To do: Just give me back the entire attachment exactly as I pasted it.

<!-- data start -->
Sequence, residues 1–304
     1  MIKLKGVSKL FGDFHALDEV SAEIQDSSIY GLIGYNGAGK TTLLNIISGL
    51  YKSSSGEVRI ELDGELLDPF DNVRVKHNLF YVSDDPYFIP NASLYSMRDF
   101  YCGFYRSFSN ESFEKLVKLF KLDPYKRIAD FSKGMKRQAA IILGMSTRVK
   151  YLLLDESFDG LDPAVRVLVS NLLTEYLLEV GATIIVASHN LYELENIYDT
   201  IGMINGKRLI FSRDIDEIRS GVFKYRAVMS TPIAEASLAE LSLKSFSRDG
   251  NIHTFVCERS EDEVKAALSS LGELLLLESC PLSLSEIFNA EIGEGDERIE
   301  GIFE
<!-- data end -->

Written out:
Sequence, residues 1–304
     1  MIKLKGVSKL FGDFHALDEV SAEIQDSSIY GLIGYNGAGK TTLLNIISGL
    51  YKSSSGEVRI ELDGELLDPF DNVRVKHNLF YVSDDPYFIP NASLYSMRDF
   101  YCGFYRSFSN ESFEKLVKLF KLDPYKRIAD FSKGMKRQAA IILGMSTRVK
   151  YLLLDESFDG LDPAVRVLVS NLLTEYLLEV GATIIVASHN LYELENIYDT
   201  IGMINGKRLI FSRDIDEIRS GVFKYRAVMS TPIAEASLAE LSLKSFSRDG
   251  NIHTFVCERS EDEVKAALSS LGELLLLESC PLSLSEIFNA EIGEGDERIE
   301  GIFE